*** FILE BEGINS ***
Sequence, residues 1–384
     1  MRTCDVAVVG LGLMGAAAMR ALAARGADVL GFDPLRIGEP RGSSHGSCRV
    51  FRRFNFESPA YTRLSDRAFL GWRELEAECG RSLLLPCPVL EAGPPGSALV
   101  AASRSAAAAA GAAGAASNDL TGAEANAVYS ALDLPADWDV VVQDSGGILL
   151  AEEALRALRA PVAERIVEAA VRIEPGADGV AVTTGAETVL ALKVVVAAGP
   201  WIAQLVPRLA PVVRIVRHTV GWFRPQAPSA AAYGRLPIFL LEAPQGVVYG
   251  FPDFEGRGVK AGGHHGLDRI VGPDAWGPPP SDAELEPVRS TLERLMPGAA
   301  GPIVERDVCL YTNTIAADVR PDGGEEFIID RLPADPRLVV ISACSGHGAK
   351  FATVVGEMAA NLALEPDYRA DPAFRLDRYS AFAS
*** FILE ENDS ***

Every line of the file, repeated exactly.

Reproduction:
Sequence, residues 1–384
     1  MRTCDVAVVG LGLMGAAAMR ALAARGADVL GFDPLRIGEP RGSSHGSCRV
    51  FRRFNFESPA YTRLSDRAFL GWRELEAECG RSLLLPCPVL EAGPPGSALV
   101  AASRSAAAAA GAAGAASNDL TGAEANAVYS ALDLPADWDV VVQDSGGILL
   151  AEEALRALRA PVAERIVEAA VRIEPGADGV AVTTGAETVL ALKVVVAAGP
   201  WIAQLVPRLA PVVRIVRHTV GWFRPQAPSA AAYGRLPIFL LEAPQGVVYG
   251  FPDFEGRGVK AGGHHGLDRI VGPDAWGPPP SDAELEPVRS TLERLMPGAA
   301  GPIVERDVCL YTNTIAADVR PDGGEEFIID RLPADPRLVV ISACSGHGAK
   351  FATVVGEMAA NLALEPDYRA DPAFRLDRYS AFAS